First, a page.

Along with Danon, the Likud vote strengthened other candidates who believe in building settlements and in eternal Israeli control over the West Bank, dismissing what that would mean for Israel’s Jewish majority or its democracy, and who have acted to constrain state agencies or civil organizations which might impede their goals.
It further brought in Moshe Feiglin at number 22 on the list. Feiglin supports building the Third Temple in Jerusalem, has suggested that Arabs not be allowed to vote in national elections, and once told a reporter, “You can’t teach a monkey to speak and you can’t teach an Arab to be democratic.” Feiglin’s inclusion has accomplished the admirable feat of making Danon appear moderately right-leaning and Netanyahu a staunch liberal.
The Likud primary vote put Danon and his vision at the center of power in the party and within reach of a post in the cabinet. Netanyahu, outmaneuvered, is outnumbered in his own party. Menachem Begin is long dead, and his son is in the political wilderness. Anyone following Israeli politics after this election will have to get used to the fact that today Danny Danon is Likud.
Danon, 41, lives in Moshav Mishmeret, in central Israel. His wife is a dietitian and they have three children, the oldest 11 and the youngest 5.
For those who are used to his strident public persona, Danon’s personal demeanor can come as a surprise. He is polite and well-spoken, his answers polished and his words chosen with care. He spurns the informal dress of many Israeli politicians for a suit of a conservative congressional blue. He comes across less as a rabble-rouser than as someone who has correctly gauged the fears, frustrations and dreams of Israel’s right, shares them, and has done a canny job of riding them to power.
Danon began trying his hand at politics at his secular high school, participating in the school’s branch of Techiya, a now-dormant rightist faction. After serving in the army as an education officer with Jewish teenagers coming from abroad for a taste of Israeli military life — a distinctly noncombat position — he became active in the Zionist youth movement Beitar and spent time doing organizational work in Miami, Florida.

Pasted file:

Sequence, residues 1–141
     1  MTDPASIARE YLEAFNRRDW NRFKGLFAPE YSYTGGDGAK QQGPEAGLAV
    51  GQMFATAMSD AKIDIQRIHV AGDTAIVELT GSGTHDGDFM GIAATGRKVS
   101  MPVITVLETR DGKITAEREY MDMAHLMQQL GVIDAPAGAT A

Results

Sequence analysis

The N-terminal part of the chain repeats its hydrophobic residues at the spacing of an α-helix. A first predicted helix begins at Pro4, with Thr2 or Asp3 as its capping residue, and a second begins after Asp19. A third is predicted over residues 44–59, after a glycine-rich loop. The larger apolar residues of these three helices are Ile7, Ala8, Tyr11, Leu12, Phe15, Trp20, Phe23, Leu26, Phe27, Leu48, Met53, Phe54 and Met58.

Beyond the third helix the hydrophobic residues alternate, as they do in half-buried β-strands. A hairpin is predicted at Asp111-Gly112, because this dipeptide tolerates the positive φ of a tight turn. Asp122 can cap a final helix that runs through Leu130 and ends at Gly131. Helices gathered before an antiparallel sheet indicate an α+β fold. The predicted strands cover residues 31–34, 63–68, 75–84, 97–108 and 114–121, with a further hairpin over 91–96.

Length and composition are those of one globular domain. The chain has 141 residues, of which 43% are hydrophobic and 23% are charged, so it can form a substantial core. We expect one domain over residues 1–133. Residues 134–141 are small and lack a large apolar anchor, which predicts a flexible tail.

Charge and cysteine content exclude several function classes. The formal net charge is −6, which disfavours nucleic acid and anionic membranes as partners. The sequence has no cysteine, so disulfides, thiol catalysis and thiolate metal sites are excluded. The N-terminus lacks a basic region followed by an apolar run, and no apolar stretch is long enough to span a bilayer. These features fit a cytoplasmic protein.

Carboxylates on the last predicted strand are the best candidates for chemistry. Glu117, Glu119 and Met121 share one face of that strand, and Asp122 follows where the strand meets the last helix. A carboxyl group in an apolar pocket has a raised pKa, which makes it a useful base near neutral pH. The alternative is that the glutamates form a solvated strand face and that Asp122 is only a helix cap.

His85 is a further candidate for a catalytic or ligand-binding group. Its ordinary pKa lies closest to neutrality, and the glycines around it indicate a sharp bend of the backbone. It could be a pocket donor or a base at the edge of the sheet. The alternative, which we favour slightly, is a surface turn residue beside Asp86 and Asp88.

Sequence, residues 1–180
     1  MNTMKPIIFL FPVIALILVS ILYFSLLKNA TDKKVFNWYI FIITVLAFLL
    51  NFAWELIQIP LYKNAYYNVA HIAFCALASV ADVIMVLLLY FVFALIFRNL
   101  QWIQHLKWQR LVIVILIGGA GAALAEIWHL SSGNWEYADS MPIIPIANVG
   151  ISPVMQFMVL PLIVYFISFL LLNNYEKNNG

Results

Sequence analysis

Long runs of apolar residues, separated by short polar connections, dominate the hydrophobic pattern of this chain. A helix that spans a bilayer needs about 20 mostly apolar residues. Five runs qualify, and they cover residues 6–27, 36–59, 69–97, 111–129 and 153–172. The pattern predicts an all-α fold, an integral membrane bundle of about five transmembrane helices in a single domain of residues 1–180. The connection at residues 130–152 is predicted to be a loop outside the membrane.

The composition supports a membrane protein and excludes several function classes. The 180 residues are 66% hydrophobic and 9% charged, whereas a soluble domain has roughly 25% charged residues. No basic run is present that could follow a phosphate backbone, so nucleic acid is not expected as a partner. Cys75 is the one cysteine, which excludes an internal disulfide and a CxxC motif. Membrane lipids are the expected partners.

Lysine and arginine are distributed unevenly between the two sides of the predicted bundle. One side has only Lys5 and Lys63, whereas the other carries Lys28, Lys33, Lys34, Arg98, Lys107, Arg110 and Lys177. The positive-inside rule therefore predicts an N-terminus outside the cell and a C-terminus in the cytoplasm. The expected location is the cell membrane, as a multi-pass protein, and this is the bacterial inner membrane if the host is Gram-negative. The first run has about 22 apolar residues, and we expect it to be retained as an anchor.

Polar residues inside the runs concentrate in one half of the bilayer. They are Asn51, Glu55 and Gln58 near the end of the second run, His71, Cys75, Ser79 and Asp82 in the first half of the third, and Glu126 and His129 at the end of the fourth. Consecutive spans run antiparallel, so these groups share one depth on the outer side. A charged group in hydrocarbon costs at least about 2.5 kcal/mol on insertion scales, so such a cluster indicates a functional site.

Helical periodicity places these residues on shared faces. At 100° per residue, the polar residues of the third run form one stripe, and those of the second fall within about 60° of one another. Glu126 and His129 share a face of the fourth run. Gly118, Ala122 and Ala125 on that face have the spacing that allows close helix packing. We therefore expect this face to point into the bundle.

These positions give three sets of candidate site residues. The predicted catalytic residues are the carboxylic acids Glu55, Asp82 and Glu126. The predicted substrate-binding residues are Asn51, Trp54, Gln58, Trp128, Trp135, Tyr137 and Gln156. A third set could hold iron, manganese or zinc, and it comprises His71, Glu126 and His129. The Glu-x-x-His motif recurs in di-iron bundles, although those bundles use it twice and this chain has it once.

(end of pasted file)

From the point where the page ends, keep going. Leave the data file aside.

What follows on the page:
In 2006 he ran an upstart campaign for the leadership of Likud’s international arm, World Likud, beating out Netanyahu’s candidate, Yuval Steinitz, who is now the finance minister. He entered the Knesset in 2009, and became associated with a new bloc of young MKs in the party who made a habit of attacking Netanyahu from the right, opposing the few conciliatory moves the prime minister wanted to make toward the Palestinians — such as announcing a partial housing freeze in the West Bank in 2009 to assuage American displeasure and allow talks with Palestinian Authority President Mahmoud Abbas to go ahead.
Netanyahu made the move in order to salvage Israel’s deteriorating ties with the administration of US President Barack Obama, but Danon saw it as an unacceptable admission that the Jewish presence in the West Bank was illegitimate or temporary. His vocal opposition to his party leader’s policy brought him substantial national attention and bolstered his position among the party’s base.
“The settlements are not an obstacle to peace,” Danon said. “After the disengagement from Gaza, the public freed itself of the idea that this is about the settlements, and about land for peace.”